In January 2010, Wal-Mart corporate officials pulled Ritchey's Dairy milk from the shelves at its stores on Plank Road and in Huntingdon.
Local farm bureau members weren't happy with that decision.
"The farm bureau picked up on that. The Blair County Farm Bureau said that isn't right and Wal-Mart put it back in," said President Gary Long. "The farm bureau has a lot of pull in the political end of things."
"Due to the efforts of the farm bureau, local FFA groups, and community complaints in general, our milk was restored to the store shelves at Wal-Mart," Ritchey's General Manager Andrew Ritchey said. "We thank the farm bureau for helping support our local farmers and Ritchey's Dairy."
The Wal-Mart-Ritchey's Dairy issue is just one example of the power of the farm bureau.
The Pennsylvania Farm Bureau is a grassroots organization run by farmers, state spokesman Mark O'Neill said. The role of the bureau, which has 53,000 members, is to look out for the interests of Pennsylvania's farmers.
"We try to meet the needs and expectations of farmers. We want them to be viable and able to stay in business," O'Neill said.
There are 54 county farm bureaus in Pennsylvania, some include more than one county. Each elects its own officers.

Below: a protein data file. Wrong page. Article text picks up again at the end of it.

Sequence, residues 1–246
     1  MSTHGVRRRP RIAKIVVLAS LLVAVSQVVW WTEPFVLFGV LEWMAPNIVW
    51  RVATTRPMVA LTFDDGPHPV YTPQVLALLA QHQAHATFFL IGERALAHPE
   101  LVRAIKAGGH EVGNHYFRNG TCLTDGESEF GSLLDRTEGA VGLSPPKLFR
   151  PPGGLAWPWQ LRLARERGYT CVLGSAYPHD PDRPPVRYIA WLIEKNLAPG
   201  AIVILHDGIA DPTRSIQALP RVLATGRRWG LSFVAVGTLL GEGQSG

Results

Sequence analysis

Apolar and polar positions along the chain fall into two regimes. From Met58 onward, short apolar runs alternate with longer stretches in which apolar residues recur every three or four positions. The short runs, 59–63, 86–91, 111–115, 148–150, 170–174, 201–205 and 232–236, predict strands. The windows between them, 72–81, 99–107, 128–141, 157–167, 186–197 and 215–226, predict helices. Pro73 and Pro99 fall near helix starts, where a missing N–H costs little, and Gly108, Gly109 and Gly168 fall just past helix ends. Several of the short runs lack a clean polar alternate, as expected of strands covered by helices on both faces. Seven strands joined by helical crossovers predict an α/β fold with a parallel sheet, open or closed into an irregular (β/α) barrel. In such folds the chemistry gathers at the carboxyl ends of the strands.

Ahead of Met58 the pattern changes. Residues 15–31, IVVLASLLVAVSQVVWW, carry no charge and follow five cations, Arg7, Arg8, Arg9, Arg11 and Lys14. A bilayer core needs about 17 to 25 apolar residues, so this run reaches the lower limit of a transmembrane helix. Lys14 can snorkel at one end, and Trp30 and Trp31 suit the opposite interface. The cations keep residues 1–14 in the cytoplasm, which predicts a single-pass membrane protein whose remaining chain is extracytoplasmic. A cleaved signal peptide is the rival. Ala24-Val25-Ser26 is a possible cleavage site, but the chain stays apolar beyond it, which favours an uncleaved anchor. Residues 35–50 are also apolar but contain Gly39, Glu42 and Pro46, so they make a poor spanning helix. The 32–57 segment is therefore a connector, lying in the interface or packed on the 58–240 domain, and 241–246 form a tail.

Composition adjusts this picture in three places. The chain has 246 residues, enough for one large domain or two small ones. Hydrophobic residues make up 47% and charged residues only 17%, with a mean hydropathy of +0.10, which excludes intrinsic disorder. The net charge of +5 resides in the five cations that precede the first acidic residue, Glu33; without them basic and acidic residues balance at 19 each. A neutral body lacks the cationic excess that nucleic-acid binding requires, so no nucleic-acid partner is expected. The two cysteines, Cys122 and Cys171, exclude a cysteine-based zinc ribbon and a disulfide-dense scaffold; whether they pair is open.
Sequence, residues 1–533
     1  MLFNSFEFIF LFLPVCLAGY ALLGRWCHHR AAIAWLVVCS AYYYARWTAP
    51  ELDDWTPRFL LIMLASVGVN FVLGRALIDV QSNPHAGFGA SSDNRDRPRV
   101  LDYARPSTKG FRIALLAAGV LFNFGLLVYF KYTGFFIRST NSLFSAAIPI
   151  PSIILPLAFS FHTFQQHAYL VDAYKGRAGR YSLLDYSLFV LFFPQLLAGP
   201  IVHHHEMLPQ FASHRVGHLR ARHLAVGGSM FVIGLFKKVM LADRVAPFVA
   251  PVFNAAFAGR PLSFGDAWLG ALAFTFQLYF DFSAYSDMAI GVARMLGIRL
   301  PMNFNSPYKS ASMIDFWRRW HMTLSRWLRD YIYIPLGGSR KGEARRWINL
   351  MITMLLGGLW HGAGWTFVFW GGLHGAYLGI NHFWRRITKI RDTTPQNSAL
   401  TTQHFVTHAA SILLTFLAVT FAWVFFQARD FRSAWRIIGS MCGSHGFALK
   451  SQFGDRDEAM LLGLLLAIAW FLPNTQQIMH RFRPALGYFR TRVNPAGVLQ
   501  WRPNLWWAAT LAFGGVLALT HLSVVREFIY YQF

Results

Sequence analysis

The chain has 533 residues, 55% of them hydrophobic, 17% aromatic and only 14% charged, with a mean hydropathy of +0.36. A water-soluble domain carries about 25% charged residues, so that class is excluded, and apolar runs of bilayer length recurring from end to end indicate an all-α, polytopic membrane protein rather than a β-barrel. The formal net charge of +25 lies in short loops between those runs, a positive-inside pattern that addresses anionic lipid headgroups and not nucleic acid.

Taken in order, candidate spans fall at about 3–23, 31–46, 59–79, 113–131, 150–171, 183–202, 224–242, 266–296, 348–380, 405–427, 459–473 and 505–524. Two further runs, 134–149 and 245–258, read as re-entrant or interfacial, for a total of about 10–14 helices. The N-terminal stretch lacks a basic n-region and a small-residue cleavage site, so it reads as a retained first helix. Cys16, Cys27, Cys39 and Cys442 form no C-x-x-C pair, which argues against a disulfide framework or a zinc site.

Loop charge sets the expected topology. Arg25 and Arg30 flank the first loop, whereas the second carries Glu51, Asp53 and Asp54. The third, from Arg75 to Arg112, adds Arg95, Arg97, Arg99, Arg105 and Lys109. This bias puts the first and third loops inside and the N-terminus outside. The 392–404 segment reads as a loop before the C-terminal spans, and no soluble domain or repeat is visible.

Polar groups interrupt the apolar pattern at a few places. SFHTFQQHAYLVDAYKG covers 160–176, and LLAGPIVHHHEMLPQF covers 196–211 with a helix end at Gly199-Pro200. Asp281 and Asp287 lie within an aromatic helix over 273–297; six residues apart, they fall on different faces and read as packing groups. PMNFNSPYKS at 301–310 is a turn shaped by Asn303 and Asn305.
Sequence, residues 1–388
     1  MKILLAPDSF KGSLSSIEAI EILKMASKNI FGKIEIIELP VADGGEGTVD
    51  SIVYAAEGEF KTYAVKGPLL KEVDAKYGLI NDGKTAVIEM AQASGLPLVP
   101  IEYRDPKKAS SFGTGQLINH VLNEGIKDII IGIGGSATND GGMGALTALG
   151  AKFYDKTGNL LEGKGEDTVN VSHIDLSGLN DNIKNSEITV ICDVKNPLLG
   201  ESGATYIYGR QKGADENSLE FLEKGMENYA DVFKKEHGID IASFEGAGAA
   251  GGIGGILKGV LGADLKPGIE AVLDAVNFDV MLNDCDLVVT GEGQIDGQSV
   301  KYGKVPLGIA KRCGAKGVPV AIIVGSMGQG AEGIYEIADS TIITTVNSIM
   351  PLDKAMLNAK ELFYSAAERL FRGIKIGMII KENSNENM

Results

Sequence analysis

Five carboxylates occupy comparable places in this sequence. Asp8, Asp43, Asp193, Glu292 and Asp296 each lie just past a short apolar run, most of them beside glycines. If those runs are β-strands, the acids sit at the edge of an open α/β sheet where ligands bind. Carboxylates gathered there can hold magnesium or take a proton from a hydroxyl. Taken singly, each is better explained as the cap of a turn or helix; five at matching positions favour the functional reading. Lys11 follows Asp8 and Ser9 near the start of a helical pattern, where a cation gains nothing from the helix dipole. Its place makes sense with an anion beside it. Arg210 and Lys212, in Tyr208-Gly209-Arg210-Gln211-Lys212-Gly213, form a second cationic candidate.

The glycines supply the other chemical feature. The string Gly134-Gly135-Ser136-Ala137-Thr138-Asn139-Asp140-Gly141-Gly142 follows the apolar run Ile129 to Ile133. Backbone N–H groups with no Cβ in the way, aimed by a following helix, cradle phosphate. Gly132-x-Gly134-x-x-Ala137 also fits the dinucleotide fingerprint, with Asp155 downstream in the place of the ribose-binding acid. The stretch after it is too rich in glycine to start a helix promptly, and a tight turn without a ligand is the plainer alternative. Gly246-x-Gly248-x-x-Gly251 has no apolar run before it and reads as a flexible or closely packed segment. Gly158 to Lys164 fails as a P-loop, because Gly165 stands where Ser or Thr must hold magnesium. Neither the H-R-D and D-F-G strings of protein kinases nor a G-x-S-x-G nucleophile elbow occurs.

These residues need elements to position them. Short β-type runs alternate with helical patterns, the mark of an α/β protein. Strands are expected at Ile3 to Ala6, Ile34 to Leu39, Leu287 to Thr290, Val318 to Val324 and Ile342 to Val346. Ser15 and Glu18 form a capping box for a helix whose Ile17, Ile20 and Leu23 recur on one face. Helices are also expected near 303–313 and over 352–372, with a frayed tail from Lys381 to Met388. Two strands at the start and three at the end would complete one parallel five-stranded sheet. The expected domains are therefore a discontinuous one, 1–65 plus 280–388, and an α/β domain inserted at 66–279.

The county farm bureaus can help local farmers.
"If you have a problem with a township ordinance or a complaint with a neighboring farmer, the county farm bureau is the place where the farmer can start," Long said. "The county farm bureau can try to change things and make them better."
The county farm bureaus bring policy issues to the state level at the annual meeting in Hershey, this year set for Nov. 14-16.
"County farm bureaus have their annual meetings in September and October and they put together policy ideas at their level. The policies then go to the annual meeting," O'Neill explained. "They have delegates to represent the farmers across the state, and issues are voted on. They can also get rid of old policies."
The Blair County Farm Bureau has about 500 members but not all are active, while the Cambria County Farm Bureau has more than 500 members.
"One of the main things we try to do is keep our membership as high as we can to influence elected legislators," Cambria President Tom Smithmyer said. "The more members we have the better we can influence legislators."
"We are a lobbyist group that stands up for the rights of the farmers and keep the politicians in line," Long said.
Farm bureau membership provides members with many benefits.
"We have through the Pennsylvania Farm Bureau discounts and benefits within divisions of communication, financial and business services, health care, insurance, supplies and utilities, transportation, travel services and security services," O'Neill said. "We have an insurance program at the farm bureau, most farmers are self-insured. By coming together as a group, they can save money. We also have a Safe Mark program, which sells tires and other ag products."
The farm bureau also tries to work with potential young farmers.
"At the state and county levels, we have a Young Farmer and Rancher Committee. We try to keep the youth interested in farming," O'Neill said. "We provide them with information about loans and grants that are available."
Mirror Staff Writer Walt Frank is at 946-7467.